Welcome to our new 'Taking the Plunge' series. Here we talk to dynamic entrepreneurs who left behind everything they knew and took the path they thought they should go down, to follow their true passion.
Meet the founder of Shibusa, a new apparel brand that makes clothing basics. Rishit Jain went from being a jack of all trades to working in finance to designing the perfect t-shirt, which turned out to be a big hit at Freshly Squeezed!
“Do you want a French manicure?”, he asked.
“I don't know what that is”, I said.
“Look it up”, he said.
I looked it up.
“No, I don't want a French manicure.”
And everybody got to work.
It was shoot day for my new apparel brand and the shoot producer was asking me whether I wanted the female model to have a French manicure. Apparently, I didn’t. It looked artificial and plasticky—something I didn’t want my brand to be and that meant not having a French manicure on the female model.
It wasn’t the first time that I had found myself a little out of my depth. It had been about 18 months since I had the idea of starting a brand that only did clothing basics and the learning curve had been rather steep. I had started with a simple, basic t-shirt—a favourite piece of clothing for someone like me that couldn’t be bothered to dress up on most days and approaches shopping as a task to be completed. But I had quickly found out that a simple t-shirt is not all that simple.
I am a dabbler. I dabble in things. I spent most of my 20s like that. I dabbled in coding. In copywriting. In product management. I changed jobs before the boss could remember my name. I even went and did a proper MBA—only to find myself still dabbling. Eventually, though, I found some sense of stability in finance. The analytical, abstract nature of work appealed to the analytical, abstract part of my nature. I have been a finance professional for almost nine years now and the work still holds its appeal to me.
"But, about five years into the world of interest rates and price-earnings ratios, I began to realise that it wasn’t enough."
Sure, it was still fun to wrestle with the complexity of the financial markets and try to figure out what was going to happen next, but at the end of the day I was only seeing numbers on a screen. It could get a little too abstract. I knew I needed something more.
So when it hit me, the idea of a brand that only does clothing basics seemed almost perfect.
It solved a personal pain point.
As I mentioned, for me shopping is a chore. Going through dozens of brands and hundreds of clothes is frankly too much work. So I’ve usually sought out plain clothes that don’t need me to go to the changing room and do “this or.. this?” in front of the mirror. It also makes my everyday mornings that much easier.
It seemed to fill a gap in the market.
I think a lot of us like to have some basic pieces in our wardrobe, even if that’s not all we have. And the market lacks a brand that does basics really well. Sure, there’s Zara and H&M and M&S, but their quality is horrible, while the rest of the brands carry few basic pieces, if at all. There’s honestly no brand out there that does quality basics in non-boring colours and at non-ridiculous prices.
It appealed to my nature and interests.
I have a deep, inexplicable need to simplify and organise things. It drives my wife mad. She would leave her work desk for 5 minutes only to come back and find that her pens and notepads and earphones have been “organised”. Since her work desk won’t appreciate my skills, I had to find something else that did. And since I find nothing to be more complicated or disorganised than the experience of buying clothes, I figured straightening that out would fill the gaping hole in my soul. Plus, it would allow me to explore my other interests that I couldn’t find an outlet for in my finance work. Things like product development, design, branding, writing. At the very least, it would not be abstract.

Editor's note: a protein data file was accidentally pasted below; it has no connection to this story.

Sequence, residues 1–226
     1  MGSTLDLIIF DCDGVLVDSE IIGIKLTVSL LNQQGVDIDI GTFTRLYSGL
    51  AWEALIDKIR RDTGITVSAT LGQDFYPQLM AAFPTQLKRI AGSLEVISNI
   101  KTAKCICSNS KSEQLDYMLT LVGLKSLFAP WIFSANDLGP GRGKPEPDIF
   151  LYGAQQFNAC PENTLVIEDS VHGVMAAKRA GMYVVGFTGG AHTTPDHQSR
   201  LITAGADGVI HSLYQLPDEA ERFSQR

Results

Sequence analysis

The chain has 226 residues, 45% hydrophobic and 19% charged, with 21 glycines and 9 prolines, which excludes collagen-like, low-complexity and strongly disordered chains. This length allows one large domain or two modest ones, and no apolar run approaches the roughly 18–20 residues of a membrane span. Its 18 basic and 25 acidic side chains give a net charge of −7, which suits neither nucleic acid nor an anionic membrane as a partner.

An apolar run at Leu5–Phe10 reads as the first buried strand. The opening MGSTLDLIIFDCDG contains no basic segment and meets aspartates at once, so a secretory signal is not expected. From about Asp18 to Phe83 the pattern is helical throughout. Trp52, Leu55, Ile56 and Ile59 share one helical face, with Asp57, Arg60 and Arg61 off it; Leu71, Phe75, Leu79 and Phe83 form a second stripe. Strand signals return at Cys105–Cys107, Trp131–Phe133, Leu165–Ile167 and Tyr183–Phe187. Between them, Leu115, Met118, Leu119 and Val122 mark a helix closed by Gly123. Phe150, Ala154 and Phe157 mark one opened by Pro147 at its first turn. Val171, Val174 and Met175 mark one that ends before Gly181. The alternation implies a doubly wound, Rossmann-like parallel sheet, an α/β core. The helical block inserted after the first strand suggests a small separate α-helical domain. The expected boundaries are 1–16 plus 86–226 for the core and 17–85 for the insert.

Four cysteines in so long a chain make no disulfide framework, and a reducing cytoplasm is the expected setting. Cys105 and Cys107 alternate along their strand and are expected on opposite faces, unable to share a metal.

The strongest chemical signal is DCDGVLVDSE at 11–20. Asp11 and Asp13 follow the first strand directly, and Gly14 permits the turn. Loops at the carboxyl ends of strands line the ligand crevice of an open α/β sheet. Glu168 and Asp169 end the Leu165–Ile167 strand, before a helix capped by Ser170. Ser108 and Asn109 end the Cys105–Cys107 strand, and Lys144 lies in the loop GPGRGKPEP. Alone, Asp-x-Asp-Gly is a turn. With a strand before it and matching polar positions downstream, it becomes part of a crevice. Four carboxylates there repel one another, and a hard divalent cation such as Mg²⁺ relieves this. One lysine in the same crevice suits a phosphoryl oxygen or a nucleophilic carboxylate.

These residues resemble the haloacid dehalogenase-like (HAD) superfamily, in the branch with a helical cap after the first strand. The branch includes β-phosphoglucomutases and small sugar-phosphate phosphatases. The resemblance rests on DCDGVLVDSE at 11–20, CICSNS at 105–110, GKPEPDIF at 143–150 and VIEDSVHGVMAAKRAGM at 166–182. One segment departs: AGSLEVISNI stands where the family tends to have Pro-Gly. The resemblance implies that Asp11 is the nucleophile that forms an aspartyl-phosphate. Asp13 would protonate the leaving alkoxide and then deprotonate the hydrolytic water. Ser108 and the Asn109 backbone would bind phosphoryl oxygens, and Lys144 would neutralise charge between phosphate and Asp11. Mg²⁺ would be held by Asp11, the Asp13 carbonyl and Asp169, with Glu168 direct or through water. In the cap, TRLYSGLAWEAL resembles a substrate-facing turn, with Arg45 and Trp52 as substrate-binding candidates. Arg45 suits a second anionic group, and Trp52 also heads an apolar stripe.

So I took the plunge. But for a finance professional who could not tell a ply from a pleat, starting an apparel brand has not been easy. And that’s a good thing. Because if it were, it wouldn’t be fun. Since I had this idea in August 2018, I’ve had to learn and do a tonne of varied things ranging from exciting stuff like developing the best damn t-shirt on the market, designing and copywriting a website that I’m proud of, and planning and coordinating a major photo shoot; to more mundane things like learning to edit photos in Adobe Lightroom, doing accounting, and filing monthly GST returns. Everything was hard enough and some of it was harder still. I frequently found myself out of my depth. But, of course, as anything else in life, it got easier as I kept doing it and my depth kept getting deeper.
It has been a super rewarding time for me and I continue to be challenged by new “French manicures”. The latest one is figuring out how to market. I have a killer product, gorgeous packaging, and a kickass website. So how do I get the word out to people who would benefit from my work?
Well, I’m still figuring that one out. And maybe I’ll get to tell you that story in a couple of years."
Before you go...
What is your ideal work space?
A quiet, distraction-free space works best for me. A closed room, ideally. I'm currently living in Ahmedabad, but I still miss my sunlit desk overlooking the VT Station at Ministry of New!
What did you want to be when you were growing up?
An astronaut! Then my mom told me there was no money in it, so I dropped the idea.
What are your daily rituals?
One thing I almost never miss doing is catching up on my Feedly. Over the last 15 years, I have built up an eclectic collection of blogs, YouTube channels, and webcomics that I follow through Feedly, so I go through that before I begin my work day.
First thing you do in the morning?
Make my bed.
Last thing you do before you go to sleep?
Turn off the TV. Heh.